I am days away from my first-year annual review in the PhD program. In some ways, I am excited. I know that when the day arrives, there will be some nervousness. Currently, my method of preparation consists of (1) reviewing all that I have read over the past year and (2) reading and rereading what I have written. In reviewing some of the important thinkers I have read over the past year, a remark by Philip Melanchton, Luther’s right-hand man, stood out. He writes:
“You will not understand what Christ commands or why he commands it unless you want to do what he commands” (Commonplaces 1521).
What stands out to me is the word “want.” I take Melanchthon to be saying the following: Without a heart that has been transformed by Jesus Christ, his teachings and commands will seem foreign.
When I read Melanchthon’s words, I was immediately reminded of Paul’s words to the Corinthians. The apostle Paul wrote:
“The person without the Spirit does not accept the things that come from the Spirit of God but considers them foolishness, and cannot understand them because they are discerned only through the Spirit” (1 Corinthians 2:14 NIV)
I wonder if there are times that followers of Christ should be more at peace with the fact that we will not always be understood by non-Christians. We are commanded to be salt. We are commanded to be light. We are told to be ready to give good reasons for what we believe. However, at the end of the day, only the Holy Spirit can close the deal (in all honesty, he is the one that opens the case in the first place). We do our job. We play our part. But we trust that until a person loves Jesus, the disposition of their heart is not such that they can completely wrap their intellect around the “what” and “why” of Jesus’ commands.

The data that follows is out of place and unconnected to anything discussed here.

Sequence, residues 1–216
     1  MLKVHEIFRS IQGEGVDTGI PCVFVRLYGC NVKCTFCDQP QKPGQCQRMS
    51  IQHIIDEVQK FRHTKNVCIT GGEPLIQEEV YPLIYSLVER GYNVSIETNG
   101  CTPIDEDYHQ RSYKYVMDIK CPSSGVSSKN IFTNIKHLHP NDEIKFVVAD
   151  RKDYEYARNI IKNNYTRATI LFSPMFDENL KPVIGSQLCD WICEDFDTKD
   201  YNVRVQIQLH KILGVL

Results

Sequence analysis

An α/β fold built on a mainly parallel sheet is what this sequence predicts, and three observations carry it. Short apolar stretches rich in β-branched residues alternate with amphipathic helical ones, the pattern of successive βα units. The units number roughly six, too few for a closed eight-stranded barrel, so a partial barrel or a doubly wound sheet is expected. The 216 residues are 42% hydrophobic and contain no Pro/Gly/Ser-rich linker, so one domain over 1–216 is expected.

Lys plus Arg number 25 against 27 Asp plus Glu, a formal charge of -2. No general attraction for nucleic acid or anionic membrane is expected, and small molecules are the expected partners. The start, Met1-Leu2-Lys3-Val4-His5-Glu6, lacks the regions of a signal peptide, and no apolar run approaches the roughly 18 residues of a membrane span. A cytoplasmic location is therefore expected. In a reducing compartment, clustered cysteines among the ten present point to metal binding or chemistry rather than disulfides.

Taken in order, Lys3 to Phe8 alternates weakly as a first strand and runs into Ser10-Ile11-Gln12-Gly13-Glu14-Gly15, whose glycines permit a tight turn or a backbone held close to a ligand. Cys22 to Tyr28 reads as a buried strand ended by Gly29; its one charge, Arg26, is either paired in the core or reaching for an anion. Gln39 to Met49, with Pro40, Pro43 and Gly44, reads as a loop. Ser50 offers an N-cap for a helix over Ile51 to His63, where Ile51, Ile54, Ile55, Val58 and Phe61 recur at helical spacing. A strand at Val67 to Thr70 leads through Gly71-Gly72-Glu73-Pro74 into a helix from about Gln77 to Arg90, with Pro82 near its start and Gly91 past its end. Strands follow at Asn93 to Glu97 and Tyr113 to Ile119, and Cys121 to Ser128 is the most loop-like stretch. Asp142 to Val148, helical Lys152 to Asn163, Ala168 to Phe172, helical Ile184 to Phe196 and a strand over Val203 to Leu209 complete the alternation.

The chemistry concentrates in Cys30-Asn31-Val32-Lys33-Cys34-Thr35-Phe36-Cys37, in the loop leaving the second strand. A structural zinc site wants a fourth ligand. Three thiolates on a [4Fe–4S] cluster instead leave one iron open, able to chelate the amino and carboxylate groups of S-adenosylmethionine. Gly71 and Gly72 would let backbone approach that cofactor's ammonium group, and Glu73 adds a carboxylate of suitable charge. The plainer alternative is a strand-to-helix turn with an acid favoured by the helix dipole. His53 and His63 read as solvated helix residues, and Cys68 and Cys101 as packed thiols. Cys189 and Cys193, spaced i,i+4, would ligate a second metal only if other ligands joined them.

In regard to our own walk with Jesus, the piercing question is, “Do I want to do what he commands?” Do I desperately yearn to obey Him because his love rules my heart (John 14:15 NRSV)? In the language of Solomon, have I allowed Christ to ravish my heart (Song of Solomon 4:9 NRSV)? If so, then his commands will make sense to me in my innermost heart and I will have a strong sense, in light of his divine character, why he has commanded me thus. If I do not desire to do his will, then this deficit may in fact be a mirror of sorts. God could be showing me that though I call myself a Christian, his commands look odd to the degree that I don’t desire him. There is an inverse relationship between the apparent oddity of his commands and my desire to do what he says. So if the commands and ways of Jesus are always appearing quite odd, then consider the fact that it may be due to a lack of desire and devotion. According to Melanchthon, a heart that yearns to obey Christ in all that he has commanded will see clearly the “what” and “why” of the commands.
As always, may God’s grace be at work in us so that Christ is formed in us and offered through us to others.